Democratic presidential hopefuls dismiss Trump plan

Bernie Sanders, Elizabeth Warren and Pete Buttigieg reject "Deal of the Century".

Elad Benari ,

Warren, Biden and Sanders at Democratic debate, January 14, 2020
Warren, Biden and Sanders at Democratic debate, January 14, 2020
Reuters

Senator Bernie Sanders (I-VT), Senator Elizabeth Warren (D-MA), and Pete Buttigieg, who are seeking the Democratic presidential nomination in the election later this year, on Tuesday rejected US President Donald Trump’s proposed peace plan for Israel and the Palestinian Authority (PA).

Sanders claimed in a post on Twitter that the “Deal of the Century” will not bring peace and would instead perpetuate the conflict.

“The United States can bring unequaled leadership to resolving the Israeli-Palestinian conflict, but we must use that leadership to promote a just and durable agreement. Any acceptable peace deal must be consistent with international law and multiple UN resolutions,” he wrote.

“It must end the Israeli occupation and enable Palestinian self-determination in an independent state of their own alongside a secure Israel. Trump's so-called 'peace deal' doesn't come close, and will only perpetuate the conflict. It is unacceptable,” added Sanders.

Warren, meanwhile, described the Trump plan as a “sham”.

“Trump's ‘peace plan’ is a rubber stamp for annexation and offers no chance for a real Palestinian state,” she tweeted.

“Releasing a plan without negotiating with Palestinians isn't diplomacy, it's a sham. I will oppose unilateral annexation in any form—and reverse any policy that supports it,” added Warren.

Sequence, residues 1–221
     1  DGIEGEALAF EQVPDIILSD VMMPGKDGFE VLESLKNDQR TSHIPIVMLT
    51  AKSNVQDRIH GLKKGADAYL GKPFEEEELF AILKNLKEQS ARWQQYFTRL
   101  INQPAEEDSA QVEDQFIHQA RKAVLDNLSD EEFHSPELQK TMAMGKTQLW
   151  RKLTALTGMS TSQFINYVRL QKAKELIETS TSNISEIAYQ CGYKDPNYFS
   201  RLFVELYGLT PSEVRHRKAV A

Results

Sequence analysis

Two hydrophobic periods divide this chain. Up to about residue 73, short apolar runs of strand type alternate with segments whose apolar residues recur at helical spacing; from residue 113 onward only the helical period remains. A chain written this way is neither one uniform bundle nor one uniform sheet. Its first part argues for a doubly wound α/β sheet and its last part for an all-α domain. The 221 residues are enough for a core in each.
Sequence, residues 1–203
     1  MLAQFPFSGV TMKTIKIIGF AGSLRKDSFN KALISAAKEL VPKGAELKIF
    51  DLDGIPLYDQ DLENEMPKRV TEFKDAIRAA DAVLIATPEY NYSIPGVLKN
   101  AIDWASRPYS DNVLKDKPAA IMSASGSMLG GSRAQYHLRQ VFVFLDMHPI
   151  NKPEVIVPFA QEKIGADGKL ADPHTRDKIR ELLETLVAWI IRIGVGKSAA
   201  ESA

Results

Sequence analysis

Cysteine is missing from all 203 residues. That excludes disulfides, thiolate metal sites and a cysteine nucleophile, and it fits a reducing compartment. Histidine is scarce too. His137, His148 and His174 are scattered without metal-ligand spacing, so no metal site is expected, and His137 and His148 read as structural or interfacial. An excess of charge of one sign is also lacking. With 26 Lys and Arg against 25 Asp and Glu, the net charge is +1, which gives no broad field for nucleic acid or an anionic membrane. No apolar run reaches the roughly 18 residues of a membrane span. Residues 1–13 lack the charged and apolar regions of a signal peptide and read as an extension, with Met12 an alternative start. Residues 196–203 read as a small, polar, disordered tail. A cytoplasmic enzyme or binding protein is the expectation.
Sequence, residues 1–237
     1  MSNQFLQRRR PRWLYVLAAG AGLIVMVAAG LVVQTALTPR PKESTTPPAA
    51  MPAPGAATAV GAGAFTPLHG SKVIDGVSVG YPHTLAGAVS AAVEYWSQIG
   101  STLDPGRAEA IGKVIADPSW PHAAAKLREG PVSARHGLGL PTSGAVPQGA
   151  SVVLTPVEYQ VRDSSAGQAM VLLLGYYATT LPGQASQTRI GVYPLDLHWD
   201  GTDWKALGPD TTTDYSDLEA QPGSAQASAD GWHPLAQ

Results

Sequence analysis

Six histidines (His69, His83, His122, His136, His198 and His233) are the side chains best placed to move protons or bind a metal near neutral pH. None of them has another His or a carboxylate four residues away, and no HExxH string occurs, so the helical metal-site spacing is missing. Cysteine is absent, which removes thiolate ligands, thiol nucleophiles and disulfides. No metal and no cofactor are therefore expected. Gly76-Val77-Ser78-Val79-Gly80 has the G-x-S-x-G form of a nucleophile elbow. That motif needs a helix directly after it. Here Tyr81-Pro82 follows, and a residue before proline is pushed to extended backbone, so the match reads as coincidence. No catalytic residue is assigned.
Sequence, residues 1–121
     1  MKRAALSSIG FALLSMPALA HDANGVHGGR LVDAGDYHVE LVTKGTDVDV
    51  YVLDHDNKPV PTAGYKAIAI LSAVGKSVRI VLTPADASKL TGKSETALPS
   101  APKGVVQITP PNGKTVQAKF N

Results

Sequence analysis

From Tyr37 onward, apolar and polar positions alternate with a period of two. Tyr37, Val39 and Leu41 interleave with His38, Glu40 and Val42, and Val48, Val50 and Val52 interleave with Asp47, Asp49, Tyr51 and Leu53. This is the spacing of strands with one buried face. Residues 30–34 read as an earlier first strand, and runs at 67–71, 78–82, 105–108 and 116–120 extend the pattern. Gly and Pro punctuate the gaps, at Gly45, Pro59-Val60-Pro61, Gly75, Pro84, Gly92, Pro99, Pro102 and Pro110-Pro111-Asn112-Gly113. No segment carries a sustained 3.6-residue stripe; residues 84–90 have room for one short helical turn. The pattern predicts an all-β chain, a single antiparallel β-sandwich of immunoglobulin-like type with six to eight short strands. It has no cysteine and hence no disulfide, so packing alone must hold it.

Buttigieg, the former mayor of South Bend, Indiana, tweeted, “This president's Mideast ‘Deal of the Century,’ like so much else he’s done in foreign policy, makes complex situations worse.”

“Peace requires both parties at the table. Not a political green light to the leader of one for unilateral annexation,” he added.

Sanders has criticized Trump’s policy vis-à-vis Israel and the PA and has argued that the US policy must be pro-Palestinian as well as pro-Israel.

Sanders has come under fire for his statements against Israel, most recently when he told the J Street conference that the US should redirect its aid to Israel and give it to Gaza instead, while calling the Israeli government “racist”.

Warren, like Sanders, has been critical of the Trump administration’s Middle East policy. In November she criticized the Trump administration’s declaration that that the US no longer considers Jewish communities in Judea and Samaria to be contrary to international law.

“Another blatantly ideological attempt by the Trump administration to distract from its failures in the region. Not only do these settlements violate international law—they make peace harder to achieve. As president, I will reverse this policy and pursue a two state solution,” Warren tweeted at the time.

Shortly after she announced her presidential bid, Warren said that the United States should be pushing Israel and the Palestinian Authority toward a two-state solution.

Sanders, Warren and Buttigieg join their rival in the Democratic primary, former US Vice President Joe Biden, in criticizing Trump’s proposal.

Biden described the plan as a “political stunt” and added, “I've spent a lifetime working to advance the security and survival of a Jewish and democratic Israel. This is not the way.”




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